NVIDIA couldnt beat the success of the GeForce RTX 20

NVIDIA couldn’t beat the success of the GeForce RTX 20 series, but earns more from gamers every year

At the conference Bank of America Jeff Fisher, NVIDIA’s senior vice president, spoke in detail about the company’s success in the gaming market, noting both decent sales growth since 2019 and high demand for more modern and expensive graphics cards from this brand. However, in the above statistics, there are indications of a high percentage of GeForce RTX 20 generation graphics cards in the user base.

    Image source: NVIDIA

Image source: NVIDIA

When it comes to player growth around the world, NVIDIA relies on statistics from Newzoo and Steam. In the first case, from 2019 to 2022 inclusive, there was an increase in the gamer audience on the PC platform by 100 million people. The number of users of the Steam platform has almost doubled from 2019 to 2023 inclusive. According to NVIDIA’s own calculations, around 200 million people now own GeForce graphics cards of various generations, and their number is growing by an average of 10% annually. The number of graphics cards sold by the company is also growing proportionally, and the average selling price is also increasing by an average of 9-10% per year.

    Image source: NVIDIA

Image source: NVIDIA

From calendar 2019 to calendar 2022, PC sales almost didn’t increase, according to Gartner, but the number of GeForce graphics cards sold at retail increased by 40% during that period, according to NVIDIA. The company’s gaming revenue grew from $4.8 billion to $8.4 billion between calendar years 2019 and 2022, for an average annual growth of 20%. As pointed out by the company’s senior vice president, the Ada Lovelace family of graphics cards has been sold three times more actively than Turing in the price segment above $699 in the first twenty weeks since the announcement. However, this can be explained by the long absence on the market of cheaper models of the GeForce RTX 40 family, which was artificially supported by NVIDIA to sell the accumulated surplus of graphics cards of the previous generation after the end of the next wave of the cryptocurrency boom.

This partly explains the average co-payment when gamers switch to the Ada Lovelace family of graphics cards. According to Fisher, these graphics cards cost customers an average of $300 to $400 more than they already had. As part of the transition to the Ampere family, this surcharge was a bit more modest at $200. According to an NVIDIA representative, gamers in the older price segment tend to swap out a graphics card for a new one every two to two and a half years on average, but in lower price niches the frequency is three to three and a half years.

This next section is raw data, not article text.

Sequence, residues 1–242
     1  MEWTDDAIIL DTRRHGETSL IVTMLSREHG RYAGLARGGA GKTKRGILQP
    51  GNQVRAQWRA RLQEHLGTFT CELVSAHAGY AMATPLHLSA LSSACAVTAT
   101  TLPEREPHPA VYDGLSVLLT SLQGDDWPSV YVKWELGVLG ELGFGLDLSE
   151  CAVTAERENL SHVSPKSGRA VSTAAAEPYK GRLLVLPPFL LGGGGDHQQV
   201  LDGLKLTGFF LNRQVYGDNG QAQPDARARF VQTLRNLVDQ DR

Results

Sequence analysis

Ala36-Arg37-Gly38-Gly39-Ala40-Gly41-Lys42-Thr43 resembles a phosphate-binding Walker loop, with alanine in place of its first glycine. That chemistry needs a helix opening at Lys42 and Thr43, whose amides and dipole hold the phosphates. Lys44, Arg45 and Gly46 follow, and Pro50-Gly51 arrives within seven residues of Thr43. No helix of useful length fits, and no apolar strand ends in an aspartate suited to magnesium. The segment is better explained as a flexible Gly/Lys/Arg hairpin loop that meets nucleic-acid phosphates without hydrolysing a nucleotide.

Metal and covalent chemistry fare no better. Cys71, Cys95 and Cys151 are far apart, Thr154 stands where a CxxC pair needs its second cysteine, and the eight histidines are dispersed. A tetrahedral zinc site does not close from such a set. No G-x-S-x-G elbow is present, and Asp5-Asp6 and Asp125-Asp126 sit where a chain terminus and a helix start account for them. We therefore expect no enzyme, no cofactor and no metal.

However, the most fascinating thing about NVIDIA’s statistics is the data on the build rate of graphics cards with RTX support. Currently, they collectively make up about 44% of NVIDIA’s user base. At the same time, only 18% of the graphics cards available for gamers offer performance on par with the GeForce RTX 3060 and higher. With such indicators, Fisher tried to justify NVIDIA’s great excitement about the prospects of further updating the graphics card fleet.

However, this statistic seems interesting to us against the background that a very large proportion of graphics solutions from the GeForce RTX 20 generation are represented among the RTX-supporting graphics cards used, since these are only likely to offer a lower level of performance than the GeForce RTX 3060. In fact, graphics cards are likely to offer this Generation make up more than a quarter of all NVIDIA products currently in use and form the backbone of RTX-ready solutions. As it stands, the GeForce RTX 20 series is still outperforming the next two generations of RTX-enabled graphics cards in terms of cumulative sales. It is possible that the mining boom actually contributed to this popularity and not only the outstanding gaming qualities of the graphics cards of the Turing family as such.

Incidentally, Jeff Fisher once again denied NVIDIA’s involvement in price inflation during the pandemic and cryptocurrency boom, noting that during the pandemic years and during the cryptocurrency boom, the company partially did not raise recommended prices for its GPUs for new products like the GeForce RTX 4060 are coming, even at a more attractive price point than their direct predecessors. But in the end market, as NVIDIA’s representative admitted, prices have gone up.

About the author

Dylan Harris

Dylan Harris is fascinated by tests and reviews of computer hardware.

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